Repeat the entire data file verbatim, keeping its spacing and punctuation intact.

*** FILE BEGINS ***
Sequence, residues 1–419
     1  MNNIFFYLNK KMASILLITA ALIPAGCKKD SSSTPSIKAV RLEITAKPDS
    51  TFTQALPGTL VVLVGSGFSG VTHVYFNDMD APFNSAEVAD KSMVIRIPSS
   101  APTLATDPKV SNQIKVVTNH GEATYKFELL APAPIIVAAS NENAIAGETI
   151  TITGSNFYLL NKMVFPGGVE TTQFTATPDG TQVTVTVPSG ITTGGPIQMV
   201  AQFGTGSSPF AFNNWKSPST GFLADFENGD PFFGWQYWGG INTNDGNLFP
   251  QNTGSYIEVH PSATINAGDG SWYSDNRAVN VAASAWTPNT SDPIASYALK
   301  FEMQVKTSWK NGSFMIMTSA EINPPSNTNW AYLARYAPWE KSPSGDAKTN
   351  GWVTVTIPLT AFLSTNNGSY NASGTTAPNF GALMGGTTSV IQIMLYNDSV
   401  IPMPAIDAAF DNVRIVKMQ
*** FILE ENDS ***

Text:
Sequence, residues 1–419
     1  MNNIFFYLNK KMASILLITA ALIPAGCKKD SSSTPSIKAV RLEITAKPDS
    51  TFTQALPGTL VVLVGSGFSG VTHVYFNDMD APFNSAEVAD KSMVIRIPSS
   101  APTLATDPKV SNQIKVVTNH GEATYKFELL APAPIIVAAS NENAIAGETI
   151  TITGSNFYLL NKMVFPGGVE TTQFTATPDG TQVTVTVPSG ITTGGPIQMV
   201  AQFGTGSSPF AFNNWKSPST GFLADFENGD PFFGWQYWGG INTNDGNLFP
   251  QNTGSYIEVH PSATINAGDG SWYSDNRAVN VAASAWTPNT SDPIASYALK
   301  FEMQVKTSWK NGSFMIMTSA EINPPSNTNW AYLARYAPWE KSPSGDAKTN
   351  GWVTVTIPLT AFLSTNNGSY NASGTTAPNF GALMGGTTSV IQIMLYNDSV
   401  IPMPAIDAAF DNVRIVKMQ